The tweet, spread by thousands online and retweeted by a member of President Donald Trump’s 2020 campaign advisory board, shows the breakneck speed at which misinformation can spread, and illustrates an eagerness to use such events for partisan purposes.
FamilyTreeDNA, one of a growing number of firms popular with Americans seeking to discover their roots, shared information on its database with the FBI that provided possible leads to the so-called Golden State Killer. The FBI says “investigative genealogy is for lead purposes only” but critics say it may infringe on privacy.
A three-year-old, $8 million crime data analysis center will get $4 million more to expand as Detroit officials and activists wrestle over how all the pieces fit together in the city’s surveillance programs.
Immigration and Customs Enforcement (ICE) and FBI agents have been using photos from state driver’s license databases for facial recognition without people’s consent or knowledge, according to the Washington Post.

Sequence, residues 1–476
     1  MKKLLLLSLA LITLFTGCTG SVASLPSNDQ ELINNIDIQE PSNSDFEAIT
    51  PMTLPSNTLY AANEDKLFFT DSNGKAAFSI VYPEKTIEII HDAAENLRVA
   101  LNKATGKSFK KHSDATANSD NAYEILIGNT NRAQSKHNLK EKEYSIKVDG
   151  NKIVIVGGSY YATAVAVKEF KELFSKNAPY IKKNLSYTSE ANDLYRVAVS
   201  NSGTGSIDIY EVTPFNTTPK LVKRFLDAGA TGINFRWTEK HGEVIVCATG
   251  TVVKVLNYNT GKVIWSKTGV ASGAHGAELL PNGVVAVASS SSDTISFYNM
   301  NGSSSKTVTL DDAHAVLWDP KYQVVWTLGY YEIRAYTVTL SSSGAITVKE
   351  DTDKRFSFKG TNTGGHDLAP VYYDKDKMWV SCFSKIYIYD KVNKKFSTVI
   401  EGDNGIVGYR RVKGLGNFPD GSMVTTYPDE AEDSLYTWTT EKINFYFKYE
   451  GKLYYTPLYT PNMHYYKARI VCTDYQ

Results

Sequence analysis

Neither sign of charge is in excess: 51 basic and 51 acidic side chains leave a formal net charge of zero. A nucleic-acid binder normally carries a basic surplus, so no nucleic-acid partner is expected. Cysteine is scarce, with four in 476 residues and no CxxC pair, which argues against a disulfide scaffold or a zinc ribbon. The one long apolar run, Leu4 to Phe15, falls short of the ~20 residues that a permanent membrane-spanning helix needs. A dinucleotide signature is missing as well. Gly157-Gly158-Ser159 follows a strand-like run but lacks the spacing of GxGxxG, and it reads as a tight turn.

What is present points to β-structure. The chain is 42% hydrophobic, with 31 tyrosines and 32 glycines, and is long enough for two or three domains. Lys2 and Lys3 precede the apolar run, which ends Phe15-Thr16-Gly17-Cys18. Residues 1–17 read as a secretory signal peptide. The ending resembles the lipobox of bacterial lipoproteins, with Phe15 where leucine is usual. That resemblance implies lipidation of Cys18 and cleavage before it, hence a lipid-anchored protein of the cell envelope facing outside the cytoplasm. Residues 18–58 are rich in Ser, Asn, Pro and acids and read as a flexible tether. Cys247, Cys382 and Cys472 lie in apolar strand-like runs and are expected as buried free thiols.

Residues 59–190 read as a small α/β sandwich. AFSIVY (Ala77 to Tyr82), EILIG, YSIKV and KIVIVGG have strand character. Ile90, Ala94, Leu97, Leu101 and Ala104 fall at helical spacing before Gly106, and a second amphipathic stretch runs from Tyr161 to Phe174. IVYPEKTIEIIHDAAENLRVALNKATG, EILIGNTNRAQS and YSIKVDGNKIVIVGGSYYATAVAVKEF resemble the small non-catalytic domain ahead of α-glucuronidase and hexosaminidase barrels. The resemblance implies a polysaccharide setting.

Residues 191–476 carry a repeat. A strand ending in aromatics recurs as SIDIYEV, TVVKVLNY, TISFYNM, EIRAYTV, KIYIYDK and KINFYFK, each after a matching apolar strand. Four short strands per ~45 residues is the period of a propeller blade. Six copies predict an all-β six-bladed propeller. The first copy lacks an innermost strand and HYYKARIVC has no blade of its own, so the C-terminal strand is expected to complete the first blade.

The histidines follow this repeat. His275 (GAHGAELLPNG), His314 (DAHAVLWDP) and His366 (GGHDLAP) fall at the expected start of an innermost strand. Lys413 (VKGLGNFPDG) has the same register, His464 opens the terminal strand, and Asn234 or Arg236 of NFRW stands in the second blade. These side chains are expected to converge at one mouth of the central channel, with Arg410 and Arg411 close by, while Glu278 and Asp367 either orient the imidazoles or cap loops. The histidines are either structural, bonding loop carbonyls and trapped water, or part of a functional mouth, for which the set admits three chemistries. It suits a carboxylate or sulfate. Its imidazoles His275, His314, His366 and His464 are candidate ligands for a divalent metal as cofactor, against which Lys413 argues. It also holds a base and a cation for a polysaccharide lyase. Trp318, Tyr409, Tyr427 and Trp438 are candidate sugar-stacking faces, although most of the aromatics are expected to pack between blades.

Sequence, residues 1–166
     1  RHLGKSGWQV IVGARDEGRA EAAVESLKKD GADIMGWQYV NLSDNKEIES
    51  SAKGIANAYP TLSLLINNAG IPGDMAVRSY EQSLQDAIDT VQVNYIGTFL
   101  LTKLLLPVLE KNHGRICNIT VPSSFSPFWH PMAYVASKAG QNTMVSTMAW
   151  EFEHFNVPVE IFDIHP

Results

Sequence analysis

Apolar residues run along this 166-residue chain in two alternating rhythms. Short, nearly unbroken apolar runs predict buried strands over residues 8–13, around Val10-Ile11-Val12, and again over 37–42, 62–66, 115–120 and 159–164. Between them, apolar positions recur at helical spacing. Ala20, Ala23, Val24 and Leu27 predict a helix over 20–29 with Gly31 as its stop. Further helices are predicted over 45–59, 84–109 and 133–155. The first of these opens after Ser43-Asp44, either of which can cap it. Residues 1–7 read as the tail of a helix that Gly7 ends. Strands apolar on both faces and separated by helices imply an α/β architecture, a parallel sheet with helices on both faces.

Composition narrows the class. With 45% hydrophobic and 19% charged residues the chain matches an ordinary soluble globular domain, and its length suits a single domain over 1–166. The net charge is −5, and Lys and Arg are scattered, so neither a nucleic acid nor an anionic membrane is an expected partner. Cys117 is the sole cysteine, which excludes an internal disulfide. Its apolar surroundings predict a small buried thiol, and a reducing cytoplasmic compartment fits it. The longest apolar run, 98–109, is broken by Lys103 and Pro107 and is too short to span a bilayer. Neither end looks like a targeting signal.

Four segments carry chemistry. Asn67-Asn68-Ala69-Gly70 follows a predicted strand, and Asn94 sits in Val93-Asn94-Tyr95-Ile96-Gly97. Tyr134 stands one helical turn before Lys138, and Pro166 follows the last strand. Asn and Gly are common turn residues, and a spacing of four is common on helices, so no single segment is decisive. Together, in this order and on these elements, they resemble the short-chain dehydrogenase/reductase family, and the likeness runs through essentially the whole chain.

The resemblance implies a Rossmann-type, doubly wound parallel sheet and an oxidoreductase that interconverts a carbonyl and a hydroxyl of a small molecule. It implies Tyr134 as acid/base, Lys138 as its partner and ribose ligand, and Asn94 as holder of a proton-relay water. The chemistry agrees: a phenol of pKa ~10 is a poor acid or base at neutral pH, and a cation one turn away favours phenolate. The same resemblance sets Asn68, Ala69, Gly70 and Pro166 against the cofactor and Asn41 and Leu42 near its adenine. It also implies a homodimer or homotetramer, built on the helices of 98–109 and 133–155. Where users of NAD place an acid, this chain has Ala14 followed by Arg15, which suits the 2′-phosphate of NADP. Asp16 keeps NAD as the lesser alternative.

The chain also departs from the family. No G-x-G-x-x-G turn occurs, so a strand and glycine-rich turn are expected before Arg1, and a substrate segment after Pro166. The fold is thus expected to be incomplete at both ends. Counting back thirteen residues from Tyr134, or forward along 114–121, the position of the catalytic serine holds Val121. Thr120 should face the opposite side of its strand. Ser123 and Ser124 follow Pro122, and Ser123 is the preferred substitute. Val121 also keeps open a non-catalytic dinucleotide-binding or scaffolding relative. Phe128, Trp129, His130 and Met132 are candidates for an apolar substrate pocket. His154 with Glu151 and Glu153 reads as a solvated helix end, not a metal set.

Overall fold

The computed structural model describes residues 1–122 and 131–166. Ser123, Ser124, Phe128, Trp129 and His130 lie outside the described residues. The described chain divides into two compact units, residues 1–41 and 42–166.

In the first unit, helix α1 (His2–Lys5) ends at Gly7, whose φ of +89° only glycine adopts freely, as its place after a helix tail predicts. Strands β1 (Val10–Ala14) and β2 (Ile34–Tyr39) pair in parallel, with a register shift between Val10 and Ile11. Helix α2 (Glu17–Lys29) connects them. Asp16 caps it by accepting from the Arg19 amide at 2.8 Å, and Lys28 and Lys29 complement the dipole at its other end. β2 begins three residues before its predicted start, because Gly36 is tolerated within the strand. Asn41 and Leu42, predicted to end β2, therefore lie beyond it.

A Washington State jury’s guilty verdict against a suspect in the 1987 murder of a young Canadian couple represented the first successful conviction in a case involving the use of genetic genealogy. Critics worry the practice will endanger Americans’ privacy.
Members of Congress are intensifying calls for a temporary ban on the federal government’s use of facial recognition technology after the disclosure that the FBI has amassed a database of more than 640 million photographs, “There are only 330 million people in the country,” Rep. Jim Jordan (R-OH) said at a committee hearing.